DCSIMG

Confronting Intolerance and Discrimination against Muslims in Public Discourse

The High Level Meeting for Confronting Intolerance and Discrimination against Muslims in Public Discourse, Vienna



As prepared for delivery by Ambassador Ian Kelly to the High Level Meeting for Confronting Intolerance and Discrimination against Muslims in Public Discourse, Vienna October 28, 2011

We welcome the opportunity to join our distinguished colleagues in this critical dialogue today. As signatories to the 1975 OSCE Final Act, participating States have committed to ensure “freedom of thought, conscience, religion or belief, for all without distinction as to race, sex, language or religion [and] recognize and respect the freedom of the individual to profess and practice, alone or in community with others, religion or belief acting in accordance with the dictates of his own conscience.”

We restate these commitments because while religious freedom is thriving in many participating States, in others, these commitments have yet to be fulfilled. Of particular concern are restrictive laws that limit religious practice.

In recent years, for example, the free practice of religion, including Islam, has been severely constrained throughout the region. Broad bans on the way people express their faith, such as through religious attire and the opportunity to build houses of worship are present in many countries throughout the OSCE region. Further, when allowed, in some communities Muslims have been denied the right to use traditional Islamic design in the construction of mosques. While some see the intent of many of these initiatives as targeting Muslims alone, in effect these initiatives set a precedent that could readily lead to limitations on the rights of Christians, Jews and members of other religions as well as Muslims,to practice their faiths as they choose.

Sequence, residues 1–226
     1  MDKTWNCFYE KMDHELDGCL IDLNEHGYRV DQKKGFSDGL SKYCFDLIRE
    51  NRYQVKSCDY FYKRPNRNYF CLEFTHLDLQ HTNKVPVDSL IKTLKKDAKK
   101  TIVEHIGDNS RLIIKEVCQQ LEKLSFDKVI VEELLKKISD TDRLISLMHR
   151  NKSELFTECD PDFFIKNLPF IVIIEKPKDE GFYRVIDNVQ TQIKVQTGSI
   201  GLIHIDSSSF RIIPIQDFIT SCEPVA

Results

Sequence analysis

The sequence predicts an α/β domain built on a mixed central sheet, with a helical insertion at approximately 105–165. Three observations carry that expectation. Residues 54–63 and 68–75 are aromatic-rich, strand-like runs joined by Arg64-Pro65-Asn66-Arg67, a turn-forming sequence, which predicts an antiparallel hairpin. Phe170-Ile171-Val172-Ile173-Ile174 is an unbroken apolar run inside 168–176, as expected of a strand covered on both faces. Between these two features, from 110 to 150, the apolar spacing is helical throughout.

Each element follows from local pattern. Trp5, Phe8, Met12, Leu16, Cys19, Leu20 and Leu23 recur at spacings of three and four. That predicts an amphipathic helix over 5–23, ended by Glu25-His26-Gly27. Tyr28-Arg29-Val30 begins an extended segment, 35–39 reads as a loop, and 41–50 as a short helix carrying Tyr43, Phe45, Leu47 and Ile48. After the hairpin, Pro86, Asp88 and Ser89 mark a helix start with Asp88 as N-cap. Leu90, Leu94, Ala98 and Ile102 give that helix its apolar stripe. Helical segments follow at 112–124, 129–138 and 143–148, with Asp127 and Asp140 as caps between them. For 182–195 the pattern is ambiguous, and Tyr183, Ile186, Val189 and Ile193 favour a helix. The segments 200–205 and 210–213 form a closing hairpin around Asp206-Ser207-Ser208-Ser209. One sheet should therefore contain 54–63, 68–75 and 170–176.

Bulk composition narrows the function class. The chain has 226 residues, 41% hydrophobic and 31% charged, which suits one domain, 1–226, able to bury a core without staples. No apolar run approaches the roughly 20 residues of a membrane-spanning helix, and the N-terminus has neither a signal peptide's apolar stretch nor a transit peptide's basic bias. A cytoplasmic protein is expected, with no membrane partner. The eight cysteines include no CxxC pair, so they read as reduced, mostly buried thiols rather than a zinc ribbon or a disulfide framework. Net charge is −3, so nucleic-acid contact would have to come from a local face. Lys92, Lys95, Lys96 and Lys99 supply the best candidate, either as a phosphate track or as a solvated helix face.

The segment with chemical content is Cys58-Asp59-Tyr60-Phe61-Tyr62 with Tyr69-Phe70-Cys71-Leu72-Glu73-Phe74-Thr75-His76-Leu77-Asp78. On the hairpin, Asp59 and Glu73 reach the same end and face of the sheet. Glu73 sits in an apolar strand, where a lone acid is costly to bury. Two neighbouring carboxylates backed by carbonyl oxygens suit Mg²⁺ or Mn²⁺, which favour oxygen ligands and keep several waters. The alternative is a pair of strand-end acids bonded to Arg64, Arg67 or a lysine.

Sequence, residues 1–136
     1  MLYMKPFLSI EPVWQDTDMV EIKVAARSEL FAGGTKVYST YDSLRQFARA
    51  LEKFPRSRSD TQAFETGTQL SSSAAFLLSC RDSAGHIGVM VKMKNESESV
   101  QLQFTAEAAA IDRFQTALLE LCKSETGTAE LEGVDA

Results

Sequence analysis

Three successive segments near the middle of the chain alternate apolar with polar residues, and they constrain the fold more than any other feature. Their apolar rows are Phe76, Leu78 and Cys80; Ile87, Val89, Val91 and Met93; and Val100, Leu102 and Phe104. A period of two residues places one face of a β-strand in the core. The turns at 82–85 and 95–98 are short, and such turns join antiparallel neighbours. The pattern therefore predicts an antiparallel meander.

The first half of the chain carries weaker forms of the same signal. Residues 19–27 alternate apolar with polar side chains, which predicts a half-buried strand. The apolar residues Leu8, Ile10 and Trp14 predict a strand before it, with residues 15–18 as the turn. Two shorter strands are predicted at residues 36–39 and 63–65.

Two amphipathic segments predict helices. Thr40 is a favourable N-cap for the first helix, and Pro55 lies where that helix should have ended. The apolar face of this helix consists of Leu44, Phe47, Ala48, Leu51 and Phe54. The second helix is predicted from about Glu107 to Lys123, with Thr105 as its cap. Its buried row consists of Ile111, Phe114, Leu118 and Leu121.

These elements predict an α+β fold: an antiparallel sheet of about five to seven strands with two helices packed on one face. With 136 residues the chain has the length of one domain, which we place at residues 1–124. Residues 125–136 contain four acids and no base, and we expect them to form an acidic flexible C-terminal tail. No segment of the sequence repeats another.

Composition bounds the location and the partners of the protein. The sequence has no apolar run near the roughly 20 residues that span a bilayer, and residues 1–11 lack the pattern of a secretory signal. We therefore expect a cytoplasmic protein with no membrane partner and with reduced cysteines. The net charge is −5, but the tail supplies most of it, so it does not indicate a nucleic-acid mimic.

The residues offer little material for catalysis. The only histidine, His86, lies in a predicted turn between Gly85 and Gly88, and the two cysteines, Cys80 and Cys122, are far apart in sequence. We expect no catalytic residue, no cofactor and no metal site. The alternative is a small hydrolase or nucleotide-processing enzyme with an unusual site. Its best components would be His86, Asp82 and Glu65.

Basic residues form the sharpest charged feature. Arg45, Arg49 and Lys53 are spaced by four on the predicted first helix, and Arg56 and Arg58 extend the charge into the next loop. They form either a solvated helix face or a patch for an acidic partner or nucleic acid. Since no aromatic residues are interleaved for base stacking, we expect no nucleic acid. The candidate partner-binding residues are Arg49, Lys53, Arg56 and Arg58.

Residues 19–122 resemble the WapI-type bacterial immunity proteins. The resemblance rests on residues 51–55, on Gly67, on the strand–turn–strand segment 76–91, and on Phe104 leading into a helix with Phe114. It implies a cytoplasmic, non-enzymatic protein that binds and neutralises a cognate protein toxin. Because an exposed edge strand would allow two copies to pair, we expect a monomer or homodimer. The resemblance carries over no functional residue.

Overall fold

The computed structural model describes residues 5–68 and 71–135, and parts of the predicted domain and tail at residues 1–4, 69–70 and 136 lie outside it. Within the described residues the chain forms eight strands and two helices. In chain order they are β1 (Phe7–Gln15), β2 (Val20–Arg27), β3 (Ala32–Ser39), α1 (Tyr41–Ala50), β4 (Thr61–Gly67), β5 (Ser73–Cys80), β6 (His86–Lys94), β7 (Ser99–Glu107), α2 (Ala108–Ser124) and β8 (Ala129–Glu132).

Recently adopted laws in some Central Asian States contain such restrictive provisions as onerous registration requirements, censorship of religious literature, and prohibitions on religious education for children. Certain states label peaceful religious groups as extremist or terrorist, and utilize anti-terrorism and extremism laws to proscribe their religious activities. Such an approach has affected many Muslim groups. The use of such laws must be abandoned, as they undermine legitimate religious activities and in fact have the unintended effect of fostering extremism.

We must acknowledge that in our own country, there have been attempts to halt the construction of mosques, cemeteries, and sites of other religious activities, and a number of U.S. states have introduced misguided laws that target Muslim populations. However, the values of our nation as outlined in the U.S. constitution provide the rights of all Americans to practice their faith freely. Further, through key political leadership, we are taking action to ensure shrill voices will not divide our nation. The U.S. government does challenge state laws in court when it believes that these laws violate rights protected in the Constitution. Through such initiatives as the ‘2011 Hours against Hate’ Campaign, President Obama’s Executive Order “Establishing a Coordinated Government-wide Initiative to Promote Diversity and Inclusion in the Federal Workforce” and the President’s plan on “Empowering Local Partners to Prevent Violent Extremism in the United States,” we are addressing anti-Muslim and other prejudices in our country and throughout the OSCE region. We also continue to support the various OSCE initiatives that address religious prejudice and discrimination.

President Obama has previously stated that, “Muslims have the same right to practice their religion as everyone else in this country, [including] the right to build a place of worship…in accordance with local laws and ordinances.” The right to “establish and maintain freely accessible places of worship or assembly” is also enshrined in the 1989 Vienna document. We strongly urge participating States to defend these and other rights for Muslims and members of other religious communities. Failure to do so contributes to the erosion of not only the right to religious freedom but also to the erosion of the freedoms of assembly, expression, and other human rights. And failure to defend these rights also contributes to prejudiced beliefs, discriminatory practices, and even violence toward members of Muslim communities.

Thank you, Mr. Moderator.

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